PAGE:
4 criteria were met: Calculated RSB greater than 250μm. Preoperative central pachymetry was not less than 500μm. Any and all K readings were less than 47.2D. A calculated inferior-superior value less than 1.4. Have had no more than one retreatment. Level of primary correction did not exceed D. Orbscan II posterior float did not exceed 50μm. There were no surgical or flap complications. Eight eyes of eight patients met the criteria. Results for these eight eyes were as follows: Mean age was 27.7 years (range 18 to 41 years). Preoperative manifest refraction spherical equivalent was -4.61D (range -2.00D to -8.00D). Steepest keratometric reading was 43.86D (range 42.50D to 46.40D). Keratometric astigmatism was 0.93D (range 0.25D to 1.90D). Preoperative central pachymetry was 537μm (range 505μm to 560μm). The mean calculated ablation depth was 82.8μm (range 21μm to 125.4μm). The mean calculated residual stromal bed was 299.5μm (range 254μm 373μm). Mean time to recognition of ectasia onset was 14.2 months (range three to 27 months) postoperatively. At the time of ectasia diagnosis, the mean manifest refraction spherical equivalent was -1.23D (range D to -3.00D) with a mean of 2.72D (range 0.75D to 4.00D) of astigmatism. Less Risk of Causing or Exacerbating Dry Eye with Surface Ablation Techniques Managing ocular surface disease around refractive surgery can be a challenge. When we take into consideration that a significant percentage of those individuals pursuing laser vision correction are patients that have become contact lens intolerant secondary to dry eye, it s important that we guide them to a procedure that will lessen their risk of prolonged discomfort and regression postoperatively. There are three main biomechanical reasons why dry eye signs and symptoms following LASIK tend to be more significant and last longer when compared to PRK: REVIEW OF OPTOMETRY NOVEMBER 15,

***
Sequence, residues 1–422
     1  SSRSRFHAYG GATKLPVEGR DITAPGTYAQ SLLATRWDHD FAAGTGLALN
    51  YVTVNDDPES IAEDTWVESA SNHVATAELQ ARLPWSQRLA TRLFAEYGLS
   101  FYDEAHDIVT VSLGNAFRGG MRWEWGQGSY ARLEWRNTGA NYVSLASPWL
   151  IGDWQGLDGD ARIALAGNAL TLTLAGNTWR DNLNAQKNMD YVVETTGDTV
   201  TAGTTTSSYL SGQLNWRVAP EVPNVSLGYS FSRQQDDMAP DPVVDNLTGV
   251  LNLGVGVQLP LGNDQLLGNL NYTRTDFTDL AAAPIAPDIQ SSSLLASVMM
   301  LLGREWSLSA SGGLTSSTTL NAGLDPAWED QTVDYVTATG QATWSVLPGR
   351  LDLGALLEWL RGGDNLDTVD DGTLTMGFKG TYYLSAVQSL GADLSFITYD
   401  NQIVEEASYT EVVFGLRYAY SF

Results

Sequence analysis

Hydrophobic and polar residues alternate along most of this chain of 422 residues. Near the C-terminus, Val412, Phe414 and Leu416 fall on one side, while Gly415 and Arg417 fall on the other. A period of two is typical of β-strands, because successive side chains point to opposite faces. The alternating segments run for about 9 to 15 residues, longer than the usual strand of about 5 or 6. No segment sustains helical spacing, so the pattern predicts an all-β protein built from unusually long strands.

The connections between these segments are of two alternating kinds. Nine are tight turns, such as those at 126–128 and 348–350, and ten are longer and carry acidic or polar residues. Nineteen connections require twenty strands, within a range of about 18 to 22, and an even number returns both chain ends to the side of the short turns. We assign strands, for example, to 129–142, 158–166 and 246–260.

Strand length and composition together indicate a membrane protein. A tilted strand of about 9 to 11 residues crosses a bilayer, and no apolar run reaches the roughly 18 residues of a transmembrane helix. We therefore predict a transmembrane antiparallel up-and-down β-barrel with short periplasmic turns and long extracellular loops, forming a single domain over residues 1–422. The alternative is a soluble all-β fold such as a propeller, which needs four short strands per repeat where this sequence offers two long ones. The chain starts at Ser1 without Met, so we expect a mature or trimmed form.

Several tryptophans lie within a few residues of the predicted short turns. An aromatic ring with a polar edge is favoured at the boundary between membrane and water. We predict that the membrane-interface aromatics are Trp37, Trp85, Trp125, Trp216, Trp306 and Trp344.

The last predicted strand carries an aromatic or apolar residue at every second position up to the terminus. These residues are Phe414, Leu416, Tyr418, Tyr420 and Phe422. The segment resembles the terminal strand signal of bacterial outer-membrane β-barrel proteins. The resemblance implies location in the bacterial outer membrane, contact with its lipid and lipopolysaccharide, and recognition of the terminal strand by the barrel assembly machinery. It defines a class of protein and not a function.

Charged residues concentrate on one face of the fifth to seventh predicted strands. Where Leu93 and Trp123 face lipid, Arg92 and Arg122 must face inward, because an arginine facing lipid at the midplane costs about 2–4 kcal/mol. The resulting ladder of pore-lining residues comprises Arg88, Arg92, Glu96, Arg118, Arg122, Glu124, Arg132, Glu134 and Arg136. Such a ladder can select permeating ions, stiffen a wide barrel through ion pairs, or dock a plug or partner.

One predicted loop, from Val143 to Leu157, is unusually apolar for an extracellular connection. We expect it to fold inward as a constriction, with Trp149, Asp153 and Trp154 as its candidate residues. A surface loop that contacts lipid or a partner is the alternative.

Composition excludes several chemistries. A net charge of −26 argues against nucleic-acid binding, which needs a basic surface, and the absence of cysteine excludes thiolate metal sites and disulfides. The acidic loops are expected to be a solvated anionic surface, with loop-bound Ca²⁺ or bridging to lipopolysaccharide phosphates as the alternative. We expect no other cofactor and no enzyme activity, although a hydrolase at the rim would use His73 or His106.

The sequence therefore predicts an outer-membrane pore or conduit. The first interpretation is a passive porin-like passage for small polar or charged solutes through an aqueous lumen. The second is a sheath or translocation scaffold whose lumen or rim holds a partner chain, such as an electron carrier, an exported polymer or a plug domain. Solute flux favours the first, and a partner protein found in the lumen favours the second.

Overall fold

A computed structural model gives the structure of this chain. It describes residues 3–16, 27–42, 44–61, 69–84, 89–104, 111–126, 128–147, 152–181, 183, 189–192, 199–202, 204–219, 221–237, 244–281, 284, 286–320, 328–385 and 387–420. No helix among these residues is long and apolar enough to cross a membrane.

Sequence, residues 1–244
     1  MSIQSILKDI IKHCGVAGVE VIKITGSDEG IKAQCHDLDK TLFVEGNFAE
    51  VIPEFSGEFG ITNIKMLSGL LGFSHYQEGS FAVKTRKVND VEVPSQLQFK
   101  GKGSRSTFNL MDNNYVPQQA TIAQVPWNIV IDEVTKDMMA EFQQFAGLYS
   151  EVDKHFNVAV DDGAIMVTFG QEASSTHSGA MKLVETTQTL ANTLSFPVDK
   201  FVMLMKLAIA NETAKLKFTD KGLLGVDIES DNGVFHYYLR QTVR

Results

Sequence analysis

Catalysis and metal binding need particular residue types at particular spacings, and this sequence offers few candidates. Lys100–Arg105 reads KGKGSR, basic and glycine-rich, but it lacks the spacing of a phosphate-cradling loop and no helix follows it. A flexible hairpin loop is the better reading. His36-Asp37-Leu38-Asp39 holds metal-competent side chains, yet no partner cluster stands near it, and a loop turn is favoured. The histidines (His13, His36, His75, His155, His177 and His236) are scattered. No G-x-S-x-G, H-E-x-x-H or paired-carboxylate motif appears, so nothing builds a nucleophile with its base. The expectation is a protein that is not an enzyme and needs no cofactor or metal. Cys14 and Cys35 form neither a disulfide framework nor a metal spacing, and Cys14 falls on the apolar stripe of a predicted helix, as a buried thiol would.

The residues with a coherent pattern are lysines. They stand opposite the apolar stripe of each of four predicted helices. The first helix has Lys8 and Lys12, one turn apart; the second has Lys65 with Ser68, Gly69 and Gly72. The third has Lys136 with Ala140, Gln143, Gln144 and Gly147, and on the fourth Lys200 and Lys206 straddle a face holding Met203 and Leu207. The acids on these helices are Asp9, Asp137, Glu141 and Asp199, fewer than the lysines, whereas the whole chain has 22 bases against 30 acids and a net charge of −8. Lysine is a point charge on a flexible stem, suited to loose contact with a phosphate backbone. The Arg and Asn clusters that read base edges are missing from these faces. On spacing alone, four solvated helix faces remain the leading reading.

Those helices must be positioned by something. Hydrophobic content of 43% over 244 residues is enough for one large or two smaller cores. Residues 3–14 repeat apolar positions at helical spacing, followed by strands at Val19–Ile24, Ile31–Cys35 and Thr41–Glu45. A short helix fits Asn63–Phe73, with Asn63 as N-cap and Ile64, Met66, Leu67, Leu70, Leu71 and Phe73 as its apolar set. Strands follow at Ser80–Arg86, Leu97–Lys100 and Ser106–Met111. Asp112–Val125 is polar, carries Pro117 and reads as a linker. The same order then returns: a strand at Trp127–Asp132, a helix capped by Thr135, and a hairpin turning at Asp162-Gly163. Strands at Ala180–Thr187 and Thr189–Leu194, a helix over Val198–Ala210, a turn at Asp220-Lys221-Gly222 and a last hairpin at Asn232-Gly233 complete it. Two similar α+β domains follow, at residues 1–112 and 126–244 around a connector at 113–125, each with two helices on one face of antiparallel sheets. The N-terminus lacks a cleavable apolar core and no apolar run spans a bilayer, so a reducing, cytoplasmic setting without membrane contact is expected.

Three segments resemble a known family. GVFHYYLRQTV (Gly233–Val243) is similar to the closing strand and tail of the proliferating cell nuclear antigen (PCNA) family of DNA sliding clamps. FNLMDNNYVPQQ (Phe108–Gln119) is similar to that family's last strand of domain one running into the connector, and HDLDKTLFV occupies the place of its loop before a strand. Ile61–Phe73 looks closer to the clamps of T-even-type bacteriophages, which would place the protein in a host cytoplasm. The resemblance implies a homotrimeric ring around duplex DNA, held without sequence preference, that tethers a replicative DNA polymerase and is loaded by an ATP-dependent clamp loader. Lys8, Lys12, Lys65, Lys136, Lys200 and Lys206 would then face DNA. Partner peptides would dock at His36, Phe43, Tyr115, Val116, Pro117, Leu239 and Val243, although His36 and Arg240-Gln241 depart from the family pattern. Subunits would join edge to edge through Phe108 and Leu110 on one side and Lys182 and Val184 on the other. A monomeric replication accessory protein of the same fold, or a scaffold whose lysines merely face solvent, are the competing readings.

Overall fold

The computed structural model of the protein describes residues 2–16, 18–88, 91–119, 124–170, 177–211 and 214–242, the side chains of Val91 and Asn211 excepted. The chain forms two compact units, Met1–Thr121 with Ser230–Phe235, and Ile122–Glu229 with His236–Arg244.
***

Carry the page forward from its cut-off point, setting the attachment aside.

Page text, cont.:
5 Courtesy: Jesper Hjortdal Professor, MD, PhD 3. FLEX procedure: In this picture, you can see the extent of the flap and the edge corresponding to the extracted lenticule (after a few days, you cannot see these edges). Sensory denervation through the severing of the long ciliary nerve branches of the ophthalmic division of the corneal nerve. 27 This, in turn, adversely affects the neuronal-feedback loop responsible for ocular surface homeostasis. Sensory denervation through direct ablation of the subepithelial nerve plexus. 28 Because photoablation begins deeper into the corneal stroma after flap creation, a greater number of corneal nerves and corneal nerve roots are affected. The use of a high-pressure suction device or ring during flap creation This causes a 40% to 50% reduction in conjunctival goblet cells, resulting in insufficient mucin production. These factors secondarily lead to a reduction in tear secretion, tear film stability, tear clearance and blink rate. Meanwhile, there is an increase in tear film osmolarity and punctate staining. 32 Also, an estimated 20% to 36% of patients who are asymptomatic prior to LASIK develop chronic dry eye, lasting a minimum of six months postoperatively. 33,34 By comparison, studies show that corneal sensations after PRK return to pre-treatment levels by three months postop, and in some cases as early as one month. 35,36 Less Concern Over Haze and Regression Post- PRK with Intraoperative Use of Mitomycin C The risk of corneal haze and regression after PRK for higher refractive errors has been a longstanding concern for refractive specialists. Following PRK, the injured epithelial cells release inflammatory mediators and chemotactic factors that attract inflammatory cells (i.e., PMNs and monocytes). Because Bowman s layer is compromised with surface ablations, these inflammatory mediators come into direct contact with the corneal stroma, setting off a wound healing cascade that results in haze formation. LASIK, by comparison, typically leaves the corneal epithelium and Bowman s layer relatively intact, so there is minimal release of inflammatory cytokines, minimal 114 REVIEW OF OPTOMETRY NOVEMBER 15, 2010